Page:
As this year’s nesting season is already in full swing, it seems appropriate to address some common problems wildlife rescues and rehabbers encounter every year. Most importantly it is worth noting that due to the small size of our sanctuary and our work commitments we are unable to attend wildlife rescues or to give timely social media, email or telephone advice in ongoing emergency or rescue situations.
However, if you have a question regarding bird or specifically corvid rescue, care or rehabilitation, then please check out our Corvid Care page or alternatively go to our Forum. Both sources contain a multitude of information about wildlife and bird emergencies in general and will also give detailed information referring specifically to corvids. For your convenience we have provided a few especially important links here in this blog post. These links will give you access to blog posts containing essential pieces of information about who to rescue and who to leave alone and how to recognise and catch a poorly or sick bird. Furthermore, these links will also provide you with detailed information about general life saving first aid measures focussing in particular on injuries inflicted by freely roaming unsupervised pet cats, which will save lives and will increase chances of survival aimed to bridge the time gap until a patient is being handed over into the care of an experienced wildlife rescue or rehabber.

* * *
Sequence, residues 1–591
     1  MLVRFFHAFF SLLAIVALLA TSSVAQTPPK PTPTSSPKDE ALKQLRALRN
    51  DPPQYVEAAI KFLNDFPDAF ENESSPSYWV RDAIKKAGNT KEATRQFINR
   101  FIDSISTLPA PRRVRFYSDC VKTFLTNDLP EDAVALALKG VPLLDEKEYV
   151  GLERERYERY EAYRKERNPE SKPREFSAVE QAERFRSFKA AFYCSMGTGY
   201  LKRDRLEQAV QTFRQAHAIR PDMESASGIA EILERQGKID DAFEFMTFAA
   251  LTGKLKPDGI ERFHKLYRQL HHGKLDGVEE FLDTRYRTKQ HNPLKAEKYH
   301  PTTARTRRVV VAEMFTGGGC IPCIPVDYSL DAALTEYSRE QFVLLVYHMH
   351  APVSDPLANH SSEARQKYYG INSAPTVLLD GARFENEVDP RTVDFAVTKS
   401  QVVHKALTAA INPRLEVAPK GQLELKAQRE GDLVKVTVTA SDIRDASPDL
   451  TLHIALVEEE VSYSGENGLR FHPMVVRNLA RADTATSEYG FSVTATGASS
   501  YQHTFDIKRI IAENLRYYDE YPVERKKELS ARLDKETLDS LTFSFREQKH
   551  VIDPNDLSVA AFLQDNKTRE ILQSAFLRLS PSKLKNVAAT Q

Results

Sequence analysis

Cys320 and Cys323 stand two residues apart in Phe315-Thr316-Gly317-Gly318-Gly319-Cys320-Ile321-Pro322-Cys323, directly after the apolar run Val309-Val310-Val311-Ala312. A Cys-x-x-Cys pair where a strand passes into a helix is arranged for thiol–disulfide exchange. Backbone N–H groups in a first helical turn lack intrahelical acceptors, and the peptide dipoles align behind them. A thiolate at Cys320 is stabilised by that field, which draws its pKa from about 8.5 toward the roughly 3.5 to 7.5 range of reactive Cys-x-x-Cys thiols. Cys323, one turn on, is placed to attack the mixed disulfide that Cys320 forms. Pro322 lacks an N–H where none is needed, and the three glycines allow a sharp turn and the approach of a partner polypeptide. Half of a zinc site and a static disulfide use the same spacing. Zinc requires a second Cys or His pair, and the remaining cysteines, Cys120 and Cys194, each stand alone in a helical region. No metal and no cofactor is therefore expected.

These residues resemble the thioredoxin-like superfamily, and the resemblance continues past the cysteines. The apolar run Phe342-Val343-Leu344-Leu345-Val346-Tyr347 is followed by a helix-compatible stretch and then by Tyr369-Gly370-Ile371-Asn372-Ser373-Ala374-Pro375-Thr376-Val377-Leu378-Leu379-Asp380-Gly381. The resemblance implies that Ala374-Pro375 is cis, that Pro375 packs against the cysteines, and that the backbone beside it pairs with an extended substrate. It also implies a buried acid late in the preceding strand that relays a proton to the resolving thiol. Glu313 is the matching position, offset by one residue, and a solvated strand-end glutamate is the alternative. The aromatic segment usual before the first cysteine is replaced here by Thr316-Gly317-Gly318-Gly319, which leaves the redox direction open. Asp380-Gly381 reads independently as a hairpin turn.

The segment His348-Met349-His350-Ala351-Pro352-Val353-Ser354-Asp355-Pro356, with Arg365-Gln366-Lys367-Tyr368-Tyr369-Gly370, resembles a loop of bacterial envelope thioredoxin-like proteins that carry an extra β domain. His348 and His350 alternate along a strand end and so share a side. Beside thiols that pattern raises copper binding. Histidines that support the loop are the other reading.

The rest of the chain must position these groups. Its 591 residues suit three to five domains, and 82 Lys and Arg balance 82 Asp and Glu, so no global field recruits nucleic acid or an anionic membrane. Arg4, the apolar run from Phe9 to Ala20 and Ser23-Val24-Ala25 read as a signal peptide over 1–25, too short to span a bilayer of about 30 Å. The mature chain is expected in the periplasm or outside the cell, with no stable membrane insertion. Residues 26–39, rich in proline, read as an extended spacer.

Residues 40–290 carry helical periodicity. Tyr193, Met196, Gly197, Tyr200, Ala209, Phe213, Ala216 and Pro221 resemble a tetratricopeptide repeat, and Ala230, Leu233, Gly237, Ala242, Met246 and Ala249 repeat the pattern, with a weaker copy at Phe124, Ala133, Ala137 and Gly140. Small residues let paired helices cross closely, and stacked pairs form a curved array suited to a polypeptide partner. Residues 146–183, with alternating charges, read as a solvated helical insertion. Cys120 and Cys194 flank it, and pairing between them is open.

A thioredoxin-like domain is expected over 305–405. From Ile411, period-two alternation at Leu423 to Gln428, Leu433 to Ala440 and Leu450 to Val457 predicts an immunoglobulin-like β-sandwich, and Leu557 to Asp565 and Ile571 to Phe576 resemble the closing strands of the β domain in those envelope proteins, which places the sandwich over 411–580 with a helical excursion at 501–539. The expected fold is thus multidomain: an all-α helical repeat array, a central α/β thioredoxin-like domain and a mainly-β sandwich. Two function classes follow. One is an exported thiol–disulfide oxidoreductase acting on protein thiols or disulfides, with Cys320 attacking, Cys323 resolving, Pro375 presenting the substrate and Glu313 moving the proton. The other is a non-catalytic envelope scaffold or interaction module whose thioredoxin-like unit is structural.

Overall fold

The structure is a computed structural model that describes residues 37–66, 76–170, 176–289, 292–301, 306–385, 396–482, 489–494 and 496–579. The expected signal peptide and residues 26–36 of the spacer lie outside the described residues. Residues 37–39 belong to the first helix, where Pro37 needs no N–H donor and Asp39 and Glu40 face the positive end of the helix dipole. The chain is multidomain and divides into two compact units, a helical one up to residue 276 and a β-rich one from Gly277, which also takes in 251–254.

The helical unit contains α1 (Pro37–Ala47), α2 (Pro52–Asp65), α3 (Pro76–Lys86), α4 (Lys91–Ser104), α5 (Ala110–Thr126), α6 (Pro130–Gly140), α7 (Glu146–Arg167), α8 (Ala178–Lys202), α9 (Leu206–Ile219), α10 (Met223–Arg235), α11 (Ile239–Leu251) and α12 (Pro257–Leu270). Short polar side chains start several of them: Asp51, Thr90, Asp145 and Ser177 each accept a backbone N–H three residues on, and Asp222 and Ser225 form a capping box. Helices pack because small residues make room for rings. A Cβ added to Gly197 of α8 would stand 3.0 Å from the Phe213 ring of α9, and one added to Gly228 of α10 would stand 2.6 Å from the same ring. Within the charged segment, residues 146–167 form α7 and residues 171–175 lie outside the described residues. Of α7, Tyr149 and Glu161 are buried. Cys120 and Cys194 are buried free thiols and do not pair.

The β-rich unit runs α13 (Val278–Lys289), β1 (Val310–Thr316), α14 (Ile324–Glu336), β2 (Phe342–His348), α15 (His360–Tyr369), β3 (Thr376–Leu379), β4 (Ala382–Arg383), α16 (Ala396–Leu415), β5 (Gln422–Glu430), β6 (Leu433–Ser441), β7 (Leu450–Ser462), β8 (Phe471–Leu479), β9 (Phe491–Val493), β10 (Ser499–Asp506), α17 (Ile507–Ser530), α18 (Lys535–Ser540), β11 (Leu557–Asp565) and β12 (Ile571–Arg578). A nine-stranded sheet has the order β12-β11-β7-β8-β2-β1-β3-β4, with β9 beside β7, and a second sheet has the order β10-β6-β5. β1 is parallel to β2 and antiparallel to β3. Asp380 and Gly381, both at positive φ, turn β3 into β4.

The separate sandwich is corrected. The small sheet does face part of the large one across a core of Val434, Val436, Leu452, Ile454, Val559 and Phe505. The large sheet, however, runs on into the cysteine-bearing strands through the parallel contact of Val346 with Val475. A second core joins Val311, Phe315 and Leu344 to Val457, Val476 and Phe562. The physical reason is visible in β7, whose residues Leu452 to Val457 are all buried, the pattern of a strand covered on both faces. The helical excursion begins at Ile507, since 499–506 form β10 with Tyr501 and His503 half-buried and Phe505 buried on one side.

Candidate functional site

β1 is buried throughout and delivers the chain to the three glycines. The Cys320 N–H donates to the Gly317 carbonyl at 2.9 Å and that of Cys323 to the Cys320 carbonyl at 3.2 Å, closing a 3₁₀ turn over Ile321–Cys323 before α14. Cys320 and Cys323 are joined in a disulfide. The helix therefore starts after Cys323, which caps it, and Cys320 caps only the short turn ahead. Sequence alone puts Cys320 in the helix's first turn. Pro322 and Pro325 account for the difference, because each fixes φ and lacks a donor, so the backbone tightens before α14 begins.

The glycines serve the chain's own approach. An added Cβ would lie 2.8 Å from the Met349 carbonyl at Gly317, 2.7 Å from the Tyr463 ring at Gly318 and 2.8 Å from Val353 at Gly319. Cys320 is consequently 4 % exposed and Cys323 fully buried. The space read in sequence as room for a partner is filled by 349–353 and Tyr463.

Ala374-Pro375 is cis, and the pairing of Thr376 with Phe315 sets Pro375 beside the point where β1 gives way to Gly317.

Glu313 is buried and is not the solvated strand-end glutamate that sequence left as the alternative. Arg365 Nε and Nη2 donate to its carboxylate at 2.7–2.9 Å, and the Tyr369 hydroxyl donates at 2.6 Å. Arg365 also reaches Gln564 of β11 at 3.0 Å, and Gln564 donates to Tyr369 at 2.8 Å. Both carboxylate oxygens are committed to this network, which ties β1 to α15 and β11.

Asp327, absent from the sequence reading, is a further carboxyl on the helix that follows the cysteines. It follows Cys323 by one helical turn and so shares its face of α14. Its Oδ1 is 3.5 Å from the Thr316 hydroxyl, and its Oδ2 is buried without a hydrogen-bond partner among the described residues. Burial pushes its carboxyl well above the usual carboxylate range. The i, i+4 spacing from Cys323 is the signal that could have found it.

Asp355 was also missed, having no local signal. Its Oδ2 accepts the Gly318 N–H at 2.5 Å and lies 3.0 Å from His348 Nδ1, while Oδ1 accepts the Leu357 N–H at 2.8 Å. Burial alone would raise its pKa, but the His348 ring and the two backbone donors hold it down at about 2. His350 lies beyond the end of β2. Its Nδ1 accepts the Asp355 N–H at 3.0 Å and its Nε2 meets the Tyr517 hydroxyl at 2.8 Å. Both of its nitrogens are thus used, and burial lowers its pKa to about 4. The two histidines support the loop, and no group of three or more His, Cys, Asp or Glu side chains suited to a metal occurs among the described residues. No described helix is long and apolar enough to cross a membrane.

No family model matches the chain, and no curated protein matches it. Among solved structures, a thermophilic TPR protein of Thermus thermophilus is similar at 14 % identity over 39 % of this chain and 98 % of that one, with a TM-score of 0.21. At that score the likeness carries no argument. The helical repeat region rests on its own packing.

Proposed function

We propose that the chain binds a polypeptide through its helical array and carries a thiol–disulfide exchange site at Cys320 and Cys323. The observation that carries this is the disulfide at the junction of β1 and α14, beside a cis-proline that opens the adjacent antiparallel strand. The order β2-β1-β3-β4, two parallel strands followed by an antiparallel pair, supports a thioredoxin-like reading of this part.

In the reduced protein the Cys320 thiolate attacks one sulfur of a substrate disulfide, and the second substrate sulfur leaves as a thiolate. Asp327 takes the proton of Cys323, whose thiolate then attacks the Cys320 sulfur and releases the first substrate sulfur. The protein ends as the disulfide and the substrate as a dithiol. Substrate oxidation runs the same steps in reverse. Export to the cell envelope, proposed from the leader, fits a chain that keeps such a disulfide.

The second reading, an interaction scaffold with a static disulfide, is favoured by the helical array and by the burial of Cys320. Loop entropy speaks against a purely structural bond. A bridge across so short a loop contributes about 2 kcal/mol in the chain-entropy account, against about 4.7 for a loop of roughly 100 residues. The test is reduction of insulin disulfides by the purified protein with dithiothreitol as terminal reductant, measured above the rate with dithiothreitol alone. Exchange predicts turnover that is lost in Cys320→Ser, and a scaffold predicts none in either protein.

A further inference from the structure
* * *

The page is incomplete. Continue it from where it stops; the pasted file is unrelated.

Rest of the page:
First Aid For Birds – Who To Help And Who To Leave Alone
First Aid For Birds – How To Know If A Bird Is Sick
First Aid For Birds – How To Catch A Poorly Bird
First Aid For Birds – Cat Caught Birds
First Aid For Birds – First Aid Measures
Poorly or injured animals are usually best cared for by experienced, specialised and suitably equipped rescues or rehabbers. Time is always of an essence! Please check out the links below, which will take you to third party databases of rescues and rehabbers in the UK. The provision of these links is for your convenience only and does not imply any endorsement of, or responsibility for, these organisations or the facilities or services they provide.
Please note that not all bird rescues and rehabbers are able to provide care, treatment and rehabilitation facilities for all native bird species including corvids, and might not be able to provide long term care facilities required in some cases. Prior to the hand over of any rescue animal, it is recommended to check the relevant policies of the rescue or veterinary surgeon concerned, which includes respective euthanasia policies.